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Babies grasp speech before they utter their first word, a study finds

Babies start with simple vowel sounds — oohs and aahs. A mere months later, the cooing turns into babbling — “bababa” — showing off a newfound grasp of consonants.

A new study has found that a key part of the brain involved in forming speech is firing away in babies as they listen to voices around them. This may represent a sort of mental rehearsal leading up to the true milestone that occurs after only a year of life: baby’s first words.

Any parent knows how fast babies learn how to comprehend and use language. The skill develops so rapidly and seemingly without much effort, but how do they do it?

Researchers at the University of Washington are a step closer to unraveling the mystery of how babies learn how to speak. They had a group of 7- and 11-month-old infants listen to a series of syllables while sitting in a brain scanner.

Not only did the auditory areas of their brains light up as expected but so did a region crucial to forming higher-level speech, called Broca’s area.

A year-old baby sits in a brain scanner, called magnetoencephalography -- a noninvasive approach to measuring brain activity. The baby listens to speech sounds like "da" and "ta" played over headphones while researchers record her brain responses. (Institute for Learning and Brain Sciences, University of Washington)

These findings may suggest that even before babies utter their first words, they may be mentally exercising the pivotal parts of their brains in preparation.

Study author and neuroscientist Patricia Kuhl says that her results reinforce the belief that talking and reading to babies from birth is beneficial for their language development, along with exaggerated speech and mouth movements (“Hiii cuuutie! How are youuuuu?”).

“Understand that they want to talk with you — serve and volley — so give them a chance to talk back,” she said.

Kuhl and her colleagues also threw a non-native language into the mix to see how babies’ perception of speech sounds change as they grow.

They looked at brain activation of the infants, all from English-only-speaking homes, while listening to a series of Spanish syllables.

As expected, a 7-month-old’s brain reacted the same way when hearing both English and Spanish.

“That’s why I call them citizens of the world,” Kuhl said. “Then by 11 to 12 months, they have become more like adults in their perceptions.”

Adults have trouble distinguishing sounds that they didn’t grow up hearing or speaking, which is one reason why learning a new language is so difficult.

“When you take French class in high school and you can’t tell apart ‘blanc’ and ‘blond,’ that’s because you didn’t learn those vowels when you were a child,” psychologist Daniel Swingley, of the University of Pennsylvania, wrote in an e-mail. “But you can tell ‘sheep’ from ‘ship,’ which your Parisian counterparts have the same problem with,” said Swingley, who was not involved with the study.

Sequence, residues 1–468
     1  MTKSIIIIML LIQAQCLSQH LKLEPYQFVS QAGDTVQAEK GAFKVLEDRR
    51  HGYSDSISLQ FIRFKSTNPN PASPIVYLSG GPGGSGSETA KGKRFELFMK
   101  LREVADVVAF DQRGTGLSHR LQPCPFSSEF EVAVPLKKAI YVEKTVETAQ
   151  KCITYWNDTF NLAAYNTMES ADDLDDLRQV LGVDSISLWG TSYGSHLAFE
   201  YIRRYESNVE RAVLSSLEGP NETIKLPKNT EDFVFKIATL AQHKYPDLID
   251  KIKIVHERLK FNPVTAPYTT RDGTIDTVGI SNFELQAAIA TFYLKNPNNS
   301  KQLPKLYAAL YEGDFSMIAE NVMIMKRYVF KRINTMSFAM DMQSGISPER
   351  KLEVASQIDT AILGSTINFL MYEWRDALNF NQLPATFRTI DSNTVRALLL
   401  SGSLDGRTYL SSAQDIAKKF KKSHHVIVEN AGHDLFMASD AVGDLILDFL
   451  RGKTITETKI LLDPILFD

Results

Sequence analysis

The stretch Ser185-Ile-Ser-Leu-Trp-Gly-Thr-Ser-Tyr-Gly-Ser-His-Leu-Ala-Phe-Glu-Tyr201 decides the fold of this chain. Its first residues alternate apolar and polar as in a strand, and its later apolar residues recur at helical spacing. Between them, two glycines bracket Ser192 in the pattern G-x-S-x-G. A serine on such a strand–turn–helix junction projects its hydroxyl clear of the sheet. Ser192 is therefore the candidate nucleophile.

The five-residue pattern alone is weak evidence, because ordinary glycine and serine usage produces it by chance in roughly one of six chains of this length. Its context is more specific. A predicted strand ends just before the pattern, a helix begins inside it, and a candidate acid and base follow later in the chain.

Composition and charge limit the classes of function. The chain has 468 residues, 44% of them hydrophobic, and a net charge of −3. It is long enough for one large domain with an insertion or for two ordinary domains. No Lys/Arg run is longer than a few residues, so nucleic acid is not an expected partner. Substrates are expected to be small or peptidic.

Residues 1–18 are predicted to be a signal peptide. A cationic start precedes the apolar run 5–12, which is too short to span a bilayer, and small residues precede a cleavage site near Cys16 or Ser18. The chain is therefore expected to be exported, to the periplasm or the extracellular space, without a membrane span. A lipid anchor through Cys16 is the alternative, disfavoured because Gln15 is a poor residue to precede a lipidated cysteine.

The older infants studied were more stimulated by their native language for the auditory regions of the brain — kind of like perking up your ears when you hear your name in a noisy crowd. At only 11 months, the babies developed this kind of activation pattern seen in adults.

“Between 6 and 12 months, infants get better at telling apart the sounds their language uses, and worse at telling apart the sounds their language doesn’t use,” Swingley said.

The increase in language precision that occurs during the first year of life also means that older babies can’t distinguish those foreign sounds as well anymore. They are now native speakers, to whom non-native languages now seem a bit odd.

“They lose the ability because they don’t get exposed to those differences, so they unlearn them,” said psychologist Richard Aslin, of the University of Rochester, who was not involved in the study. “The process of learning is really unlearning.”

Using a technique called magnetoencephalography, or MEG, Kuhl and her colleagues were able to measure tiny magnetic fields generated by the firing of neurons in each baby’s brain. Because the signals are so faint, the MEG machine uses liquid-
helium-cooled superconducting sensors and requires extensive shielding from any outside magnetic activity, including the Earth’s magnetic field.

“It looks like a hair dryer from Mars,” Kuhl said of the multi­million-dollar system.

In a second experiment with MEG, she used Finnish-learning infants with Mandarin Chinese as the non-native language. Her results were similar to the ­English-Spanish study.

The engagement of Broca’s area at such an early age is intriguing to Aslin, since it has been known to play a role in the motor coordination of speech in adults.

An individual with damage to Broca’s area through stroke or tumor can still comprehend language but typically talks very slowly and uses short phrases. It is named after French surgeon Pierre Paul Broca, who in 1861 described a 51-year-old patient of his who could only utter a single word: tan. He became known by the name Tan throughout the hospital, and after he died, an autopsy revealed a lesion on his left frontal lobe — now known as Broca’s area.

But no piece of the brain is an island, and Aslin notes that sensory areas of the brain can be entwined.

For instance, previous studies have shown that what we hear can be influenced by what we are looking at.

“I’m sure there’s going to be some subtleties here about how these motor areas are actually connected with perceptual parts of the brain,” he said.

Kim is a freelance science journalist based in Philadelphia.



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